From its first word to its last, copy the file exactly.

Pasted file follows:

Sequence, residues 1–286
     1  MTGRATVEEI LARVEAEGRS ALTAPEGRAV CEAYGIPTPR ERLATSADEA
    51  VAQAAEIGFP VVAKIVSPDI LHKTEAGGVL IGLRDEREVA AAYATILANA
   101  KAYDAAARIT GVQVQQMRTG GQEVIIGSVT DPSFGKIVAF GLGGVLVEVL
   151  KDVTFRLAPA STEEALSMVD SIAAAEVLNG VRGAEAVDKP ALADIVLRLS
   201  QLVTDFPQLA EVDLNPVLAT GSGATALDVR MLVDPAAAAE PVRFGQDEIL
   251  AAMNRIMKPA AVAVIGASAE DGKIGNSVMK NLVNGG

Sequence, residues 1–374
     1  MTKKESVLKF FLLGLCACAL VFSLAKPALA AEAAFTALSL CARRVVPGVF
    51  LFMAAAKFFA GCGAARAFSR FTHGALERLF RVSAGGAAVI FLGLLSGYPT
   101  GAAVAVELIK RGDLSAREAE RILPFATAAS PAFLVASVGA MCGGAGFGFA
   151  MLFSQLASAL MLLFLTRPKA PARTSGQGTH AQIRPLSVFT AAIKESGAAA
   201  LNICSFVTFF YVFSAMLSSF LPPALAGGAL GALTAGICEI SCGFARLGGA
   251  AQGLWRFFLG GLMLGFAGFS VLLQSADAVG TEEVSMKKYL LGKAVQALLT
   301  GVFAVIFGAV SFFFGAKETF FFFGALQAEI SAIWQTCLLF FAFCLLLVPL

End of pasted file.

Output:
Sequence, residues 1–286
     1  MTGRATVEEI LARVEAEGRS ALTAPEGRAV CEAYGIPTPR ERLATSADEA
    51  VAQAAEIGFP VVAKIVSPDI LHKTEAGGVL IGLRDEREVA AAYATILANA
   101  KAYDAAARIT GVQVQQMRTG GQEVIIGSVT DPSFGKIVAF GLGGVLVEVL
   151  KDVTFRLAPA STEEALSMVD SIAAAEVLNG VRGAEAVDKP ALADIVLRLS
   201  QLVTDFPQLA EVDLNPVLAT GSGATALDVR MLVDPAAAAE PVRFGQDEIL
   251  AAMNRIMKPA AVAVIGASAE DGKIGNSVMK NLVNGG

Sequence, residues 1–374
     1  MTKKESVLKF FLLGLCACAL VFSLAKPALA AEAAFTALSL CARRVVPGVF
    51  LFMAAAKFFA GCGAARAFSR FTHGALERLF RVSAGGAAVI FLGLLSGYPT
   101  GAAVAVELIK RGDLSAREAE RILPFATAAS PAFLVASVGA MCGGAGFGFA
   151  MLFSQLASAL MLLFLTRPKA PARTSGQGTH AQIRPLSVFT AAIKESGAAA
   201  LNICSFVTFF YVFSAMLSSF LPPALAGGAL GALTAGICEI SCGFARLGGA
   251  AQGLWRFFLG GLMLGFAGFS VLLQSADAVG TEEVSMKKYL LGKAVQALLT
   301  GVFAVIFGAV SFFFGAKETF FFFGALQAEI SAIWQTCLLF FAFCLLLVPL